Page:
President Obama’s fundraising swing through the Seattle area Tuesday will include a high-priced dinner event benefiting a Democratic super PAC.
The event is at the Hunts Point home of former Costco CEO Jim Sinegal and his wife, Jan, according to a copy of the invitation obtained by The Seattle Times.
The price tag for the event is $25,000 per person, with proceeds going to the Senate Majority PAC, a Democratic group that accepts unlimited donations.
As a candidate, Obama has railed against U.S. Supreme Court rulings that opened up a flood of unfettered political spending through nonprofits and super PACs.
- Manhole cover crashes into SUV's windshield, killing driver
- Examining if the Seahawks would be a good fit for Matt Forte
- Woman’s throat cut in South Lake Union assault; man arrested
- 'Downton Abbey' star Brendan Coyle banned from driving
- Building with iconic Seattle P-I globe sold for $40M
Most Read Stories
But Obama has come to embrace super PACs on his side of the political divide, especially as he campaigns for Democrats in the 2014 midterms.
He headlined his first super PAC fundraiser, for the Senate Majority PAC, last month in New York.
The event at Sinegal’s home is in addition to an earlier scheduled fundraiser at the Seattle waterfront home of Bruce and Ann Blume, who were fundraising “bundlers” for Obama’s 2012 campaign.
The afternoon event will benefit the Democratic National Committee (DNC).
Obama is expected to arrive Tuesday afternoon at Boeing Field and leave later that evening.
It’s unclear how his two political events on opposite sides of Lake Washington will impact traffic already affected by lane closures on Interstate 90. But a presidential motorcade rolling across the Highway 520 bridge could further congest the evening commute.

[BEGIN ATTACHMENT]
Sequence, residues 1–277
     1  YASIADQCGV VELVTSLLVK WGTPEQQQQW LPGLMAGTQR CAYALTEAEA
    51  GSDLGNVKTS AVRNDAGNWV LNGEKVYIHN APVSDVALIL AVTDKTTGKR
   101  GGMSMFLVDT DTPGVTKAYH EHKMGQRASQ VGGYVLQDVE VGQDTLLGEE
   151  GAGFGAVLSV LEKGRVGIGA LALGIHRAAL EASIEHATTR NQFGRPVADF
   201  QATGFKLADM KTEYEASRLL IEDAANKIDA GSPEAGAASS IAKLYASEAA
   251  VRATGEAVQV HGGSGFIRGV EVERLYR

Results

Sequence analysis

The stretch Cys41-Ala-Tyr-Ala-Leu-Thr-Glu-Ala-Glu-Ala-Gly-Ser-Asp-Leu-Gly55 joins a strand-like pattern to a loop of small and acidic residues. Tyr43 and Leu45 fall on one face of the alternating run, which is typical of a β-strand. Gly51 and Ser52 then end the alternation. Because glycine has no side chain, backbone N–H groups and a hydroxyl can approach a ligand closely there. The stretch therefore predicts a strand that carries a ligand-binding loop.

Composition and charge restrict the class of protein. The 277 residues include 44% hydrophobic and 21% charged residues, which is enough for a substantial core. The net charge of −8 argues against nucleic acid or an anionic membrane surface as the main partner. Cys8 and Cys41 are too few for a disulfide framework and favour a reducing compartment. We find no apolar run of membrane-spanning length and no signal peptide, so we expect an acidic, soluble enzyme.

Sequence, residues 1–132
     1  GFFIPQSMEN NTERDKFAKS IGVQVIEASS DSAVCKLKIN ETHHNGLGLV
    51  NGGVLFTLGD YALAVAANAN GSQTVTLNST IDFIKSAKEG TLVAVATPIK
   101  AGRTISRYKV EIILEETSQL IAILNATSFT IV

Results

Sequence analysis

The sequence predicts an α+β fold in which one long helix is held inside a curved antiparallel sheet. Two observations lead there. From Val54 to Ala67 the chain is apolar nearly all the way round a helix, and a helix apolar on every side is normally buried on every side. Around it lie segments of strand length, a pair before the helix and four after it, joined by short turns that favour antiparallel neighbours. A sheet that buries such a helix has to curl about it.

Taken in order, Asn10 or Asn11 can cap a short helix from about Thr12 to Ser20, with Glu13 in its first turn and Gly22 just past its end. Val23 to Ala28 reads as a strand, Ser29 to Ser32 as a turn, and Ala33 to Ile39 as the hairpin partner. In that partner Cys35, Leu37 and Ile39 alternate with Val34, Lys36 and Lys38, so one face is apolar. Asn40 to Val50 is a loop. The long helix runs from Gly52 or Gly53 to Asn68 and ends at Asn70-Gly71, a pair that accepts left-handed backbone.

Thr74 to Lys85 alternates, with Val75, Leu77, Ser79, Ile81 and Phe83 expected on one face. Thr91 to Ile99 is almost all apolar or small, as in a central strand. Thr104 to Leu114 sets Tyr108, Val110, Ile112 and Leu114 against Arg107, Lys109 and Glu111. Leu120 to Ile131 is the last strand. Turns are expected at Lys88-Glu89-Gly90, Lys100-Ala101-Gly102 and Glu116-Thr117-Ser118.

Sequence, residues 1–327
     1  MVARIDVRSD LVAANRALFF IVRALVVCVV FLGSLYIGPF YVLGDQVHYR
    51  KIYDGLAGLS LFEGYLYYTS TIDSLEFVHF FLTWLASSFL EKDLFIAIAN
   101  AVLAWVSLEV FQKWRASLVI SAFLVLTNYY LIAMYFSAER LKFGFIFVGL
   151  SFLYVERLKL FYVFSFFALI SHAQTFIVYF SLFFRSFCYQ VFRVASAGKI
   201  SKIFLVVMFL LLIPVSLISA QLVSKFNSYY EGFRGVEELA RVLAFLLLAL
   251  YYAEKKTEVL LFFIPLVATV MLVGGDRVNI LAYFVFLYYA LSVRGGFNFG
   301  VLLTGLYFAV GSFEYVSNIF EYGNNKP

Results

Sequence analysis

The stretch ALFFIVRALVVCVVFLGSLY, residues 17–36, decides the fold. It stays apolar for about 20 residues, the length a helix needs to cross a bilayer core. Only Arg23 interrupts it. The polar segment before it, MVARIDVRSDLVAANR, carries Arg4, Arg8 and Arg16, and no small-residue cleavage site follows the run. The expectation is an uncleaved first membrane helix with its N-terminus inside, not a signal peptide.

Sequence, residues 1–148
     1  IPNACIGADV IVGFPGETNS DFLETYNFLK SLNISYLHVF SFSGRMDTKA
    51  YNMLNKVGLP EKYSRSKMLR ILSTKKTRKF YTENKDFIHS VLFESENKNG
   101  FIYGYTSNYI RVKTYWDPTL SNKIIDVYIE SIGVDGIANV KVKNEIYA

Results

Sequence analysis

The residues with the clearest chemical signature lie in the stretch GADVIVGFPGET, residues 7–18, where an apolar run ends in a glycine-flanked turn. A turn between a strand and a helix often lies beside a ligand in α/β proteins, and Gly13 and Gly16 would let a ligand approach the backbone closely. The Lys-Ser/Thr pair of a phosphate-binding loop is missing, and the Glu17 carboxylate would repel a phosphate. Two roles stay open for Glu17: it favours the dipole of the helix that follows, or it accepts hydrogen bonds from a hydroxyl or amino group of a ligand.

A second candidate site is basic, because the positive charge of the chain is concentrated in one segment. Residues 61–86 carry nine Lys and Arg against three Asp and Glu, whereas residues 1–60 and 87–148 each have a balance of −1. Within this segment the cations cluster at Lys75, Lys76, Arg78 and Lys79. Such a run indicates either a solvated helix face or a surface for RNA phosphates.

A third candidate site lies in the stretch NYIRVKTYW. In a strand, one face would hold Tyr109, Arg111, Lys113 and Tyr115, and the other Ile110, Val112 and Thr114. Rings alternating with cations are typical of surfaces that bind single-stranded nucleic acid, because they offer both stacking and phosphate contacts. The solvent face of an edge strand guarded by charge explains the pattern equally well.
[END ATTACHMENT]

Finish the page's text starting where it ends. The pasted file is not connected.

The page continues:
A letter accompanying the dinner invitation pleads for donors to help avert a Republican takeover of the Senate.
“A mere six seat shift would alter the makeup of the Senate, allowing the GOP to control everything from choice to federal judge confirmations and the Supreme Court. We cannot afford to let this happen, and we need your help,” the letter to donors for the Sinegal event reads.
However, in a feat of legalese probably designed to appease campaign-finance regulators, the letter says Obama would only be appearing as a special guest and is “not soliciting funds for this event or acknowledging your contribution at any point.”
By law, super PACs are independent-expenditure organizations and are barred from directly coordinating with candidate campaigns or political-party committees.
Senate Majority PAC has raised more than $30 million for the 2014 elections and spent about $20 million so far on key Senate races, according to the Center for Responsive Politics.
Both the Sinegals and the Blumes are familiar hosts for Obama, as they also welcomed him for fundraisers during his 2012 re-election campaign.
Bruce Blume is founder and CEO of The Blume Co., a commercial real-estate firm. In addition to raising money for Obama’s campaign, he and his wife gave $50,000 to help pay for Obama’s first inauguration party.
Sinegal, who retired as Costco CEO in 2012, has been a longtime Democratic patron, donating at least $875,000 to party candidates and committees since the 1990s, according to Federal Election Commission records.
He also secured a speaking slot at the 2012 Democratic National Convention, where he promoted Obama’s policies as good for business.
The Sinegal event is co-hosted by Tom and Sonya Campion, also major Democratic Party patrons, who hosted Obama at their Seattle home in November for a closed-to-the-media DNC fundraiser.
No official events have been announced as part of Obama’s visit, and he’s expected to fly out Tuesday night to San Francisco to continue his West Coast fundraising tour.